In batch dryers perforated false floors offer the most equal air distribution, which is important for high initial moisture contents. They are of simple design and are usually made of perforated metal sheet. The compartment underneath serves as plenum chamber. On the downside perforated metal sheets are more expensive than plain metal sheets that are used for air ducts. A strong support structure is needed for perforated metal sheets because during mixing and unloading laborers are often walking on the false floor.

The unloading of fixed-bed batch dryers can be mechanized by using air-sweep floors which, in combination with a strong fan, can convey the grain in the bin to an outlet opening. Air sweep floors are on principle perforated false floors but with grill shaped holes that give the air velocity a horizontal component. At low air speeds, when the floor is used for drying, the horizontal component of the air velocity is negligible. At higher air speeds, however, the air can convey individual grains horizontally. This effect is used for unloading after the initial grain flow by gravity has ended because the angle of repose of paddy was reached.

Cross-section through a perforated metal sheet used in air-sweep floors (left) and arrangement of fife sheets in a drying bin for automatic unloading (right).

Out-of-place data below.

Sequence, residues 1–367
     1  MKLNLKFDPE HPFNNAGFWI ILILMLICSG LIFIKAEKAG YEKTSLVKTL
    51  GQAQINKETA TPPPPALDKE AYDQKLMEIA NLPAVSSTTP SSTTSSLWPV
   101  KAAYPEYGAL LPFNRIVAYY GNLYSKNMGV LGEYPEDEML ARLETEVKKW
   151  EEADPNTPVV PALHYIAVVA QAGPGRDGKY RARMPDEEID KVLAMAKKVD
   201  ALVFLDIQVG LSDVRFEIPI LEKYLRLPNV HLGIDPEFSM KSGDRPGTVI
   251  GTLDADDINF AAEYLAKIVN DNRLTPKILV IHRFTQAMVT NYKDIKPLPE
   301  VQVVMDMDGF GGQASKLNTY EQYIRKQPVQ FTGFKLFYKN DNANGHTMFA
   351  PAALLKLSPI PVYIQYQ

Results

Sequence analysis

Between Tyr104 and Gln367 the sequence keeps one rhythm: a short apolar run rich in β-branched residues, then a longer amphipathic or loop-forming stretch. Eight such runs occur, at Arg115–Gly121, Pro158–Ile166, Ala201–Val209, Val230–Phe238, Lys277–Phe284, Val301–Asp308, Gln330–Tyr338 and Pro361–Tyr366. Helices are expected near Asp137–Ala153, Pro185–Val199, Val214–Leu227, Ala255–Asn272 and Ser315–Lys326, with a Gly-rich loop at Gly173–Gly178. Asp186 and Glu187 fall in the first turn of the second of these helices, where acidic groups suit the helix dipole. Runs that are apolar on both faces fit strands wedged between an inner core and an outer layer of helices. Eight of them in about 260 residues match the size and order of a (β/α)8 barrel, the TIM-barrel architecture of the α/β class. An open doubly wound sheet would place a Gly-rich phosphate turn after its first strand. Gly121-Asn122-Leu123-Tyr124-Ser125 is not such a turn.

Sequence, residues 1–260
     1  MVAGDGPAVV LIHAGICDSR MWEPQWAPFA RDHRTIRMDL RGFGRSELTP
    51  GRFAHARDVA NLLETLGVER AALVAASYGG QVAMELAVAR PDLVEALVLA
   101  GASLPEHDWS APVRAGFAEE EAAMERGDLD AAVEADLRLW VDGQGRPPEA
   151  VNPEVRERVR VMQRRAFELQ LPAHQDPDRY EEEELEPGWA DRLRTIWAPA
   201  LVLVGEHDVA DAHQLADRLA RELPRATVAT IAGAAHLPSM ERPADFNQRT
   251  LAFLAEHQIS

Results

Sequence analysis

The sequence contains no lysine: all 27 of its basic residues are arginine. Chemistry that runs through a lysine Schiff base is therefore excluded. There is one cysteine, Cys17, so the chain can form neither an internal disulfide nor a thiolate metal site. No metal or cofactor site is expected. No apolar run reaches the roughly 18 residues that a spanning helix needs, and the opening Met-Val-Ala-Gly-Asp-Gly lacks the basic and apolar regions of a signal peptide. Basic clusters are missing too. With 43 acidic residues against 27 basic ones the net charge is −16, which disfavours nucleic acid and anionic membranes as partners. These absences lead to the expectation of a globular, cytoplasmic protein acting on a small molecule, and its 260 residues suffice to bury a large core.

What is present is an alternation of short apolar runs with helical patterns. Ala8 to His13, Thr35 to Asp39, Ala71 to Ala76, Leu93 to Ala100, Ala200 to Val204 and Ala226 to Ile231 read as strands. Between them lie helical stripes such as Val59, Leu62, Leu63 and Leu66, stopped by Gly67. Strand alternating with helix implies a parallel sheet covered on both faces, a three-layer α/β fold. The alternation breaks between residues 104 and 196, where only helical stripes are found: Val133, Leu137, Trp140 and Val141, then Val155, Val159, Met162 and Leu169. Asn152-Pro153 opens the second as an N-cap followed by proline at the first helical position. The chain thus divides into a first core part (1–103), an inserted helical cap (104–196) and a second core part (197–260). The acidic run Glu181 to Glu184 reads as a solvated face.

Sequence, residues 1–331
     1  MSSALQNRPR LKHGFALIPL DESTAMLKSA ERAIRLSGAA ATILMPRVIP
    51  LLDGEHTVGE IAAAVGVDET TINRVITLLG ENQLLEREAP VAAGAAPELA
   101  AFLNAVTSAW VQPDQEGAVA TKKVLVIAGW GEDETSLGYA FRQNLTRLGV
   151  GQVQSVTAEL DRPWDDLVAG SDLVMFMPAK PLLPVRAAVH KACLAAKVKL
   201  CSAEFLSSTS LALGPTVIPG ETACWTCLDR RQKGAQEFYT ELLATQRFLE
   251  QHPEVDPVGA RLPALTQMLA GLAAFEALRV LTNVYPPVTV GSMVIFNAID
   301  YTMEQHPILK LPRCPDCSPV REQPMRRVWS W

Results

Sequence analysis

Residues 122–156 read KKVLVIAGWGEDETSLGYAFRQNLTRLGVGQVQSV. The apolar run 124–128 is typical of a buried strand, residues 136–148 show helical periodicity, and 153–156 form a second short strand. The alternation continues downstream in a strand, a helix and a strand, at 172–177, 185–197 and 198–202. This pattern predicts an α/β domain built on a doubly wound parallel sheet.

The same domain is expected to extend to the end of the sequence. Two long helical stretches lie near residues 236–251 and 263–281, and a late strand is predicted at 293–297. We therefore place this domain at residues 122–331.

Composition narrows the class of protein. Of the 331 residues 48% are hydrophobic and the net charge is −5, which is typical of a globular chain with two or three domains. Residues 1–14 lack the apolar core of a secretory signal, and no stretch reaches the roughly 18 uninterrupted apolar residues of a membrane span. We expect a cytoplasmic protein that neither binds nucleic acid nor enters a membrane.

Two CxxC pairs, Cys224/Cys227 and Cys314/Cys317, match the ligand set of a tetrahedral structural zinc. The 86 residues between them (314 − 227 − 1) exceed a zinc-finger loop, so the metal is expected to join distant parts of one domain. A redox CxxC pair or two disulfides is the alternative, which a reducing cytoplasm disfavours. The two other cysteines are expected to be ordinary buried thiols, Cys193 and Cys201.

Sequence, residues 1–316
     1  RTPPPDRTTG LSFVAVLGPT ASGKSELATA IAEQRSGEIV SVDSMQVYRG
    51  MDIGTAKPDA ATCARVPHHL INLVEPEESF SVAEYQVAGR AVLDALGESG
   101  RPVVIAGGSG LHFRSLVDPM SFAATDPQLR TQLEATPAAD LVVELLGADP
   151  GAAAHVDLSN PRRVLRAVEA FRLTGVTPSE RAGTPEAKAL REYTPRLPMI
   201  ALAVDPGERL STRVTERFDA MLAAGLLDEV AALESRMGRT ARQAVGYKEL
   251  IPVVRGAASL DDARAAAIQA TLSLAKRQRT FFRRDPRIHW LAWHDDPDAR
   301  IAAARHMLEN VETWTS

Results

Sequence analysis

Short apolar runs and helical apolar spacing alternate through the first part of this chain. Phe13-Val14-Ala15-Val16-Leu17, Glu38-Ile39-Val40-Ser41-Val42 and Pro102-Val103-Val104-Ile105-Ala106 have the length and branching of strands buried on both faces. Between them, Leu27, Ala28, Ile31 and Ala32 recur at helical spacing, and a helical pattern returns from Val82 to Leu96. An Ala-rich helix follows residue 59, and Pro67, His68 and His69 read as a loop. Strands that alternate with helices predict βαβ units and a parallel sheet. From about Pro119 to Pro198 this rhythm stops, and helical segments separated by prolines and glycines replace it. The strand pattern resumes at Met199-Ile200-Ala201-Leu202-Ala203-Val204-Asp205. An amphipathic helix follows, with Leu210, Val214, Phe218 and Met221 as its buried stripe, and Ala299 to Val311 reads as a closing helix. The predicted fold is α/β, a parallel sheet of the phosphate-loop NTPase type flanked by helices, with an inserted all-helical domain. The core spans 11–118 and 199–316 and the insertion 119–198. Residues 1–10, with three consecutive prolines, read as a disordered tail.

For unloading the fan needs to be able to provide an airflow higher than that for drying. An additional fan can also be used. To reduce the capacity of the fan the floor of the drying bin can be equipped with air-sweep channels which can be operated alternately during unloading. In this case the air distribution is still better than with air ducts.

The metal sheets for air sweep floors are more expensive than perforated sheet metal and they might not be available locally. The major drawback of air-sweep floors, however, is the excessive dust creation during unloading because the high velocity air effectively separates all dust contained in the grain bulk and blows it out of the drying bin.

Air ducts, general recommendations

The air distribution system should impose the least possible resistance to air-flow in order to provide sufficient drying air and to transport evaporated water away. For maximized airflow and even air distribution:

  • Provide generous plenum chambers in pressure systems for even air distribution (metal is cheap, fuel and quality loss is more expensive in the long run);
  • At perforated false floors make sure that the open area (area of the holes) is at least 20% of the total area to avoid pressure drop at the perforated metal sheet. Use sheets with holes of around 2 mm to avoid clogging by fine particles and to prevent grains from falling through the holes;
  • Make sure air ducts have sufficient size. It is better to over-design than to use too little diameters since turbulent flows in small diameter ducts waste a lot of energy;
  • Prevent losses at junctions of ducts by using the same diameters;
  • Make round curves instead of sharp edges when the airflow needs to change direction; and
  • For inlets use nozzle shaped fittings instead of straight cut tubes.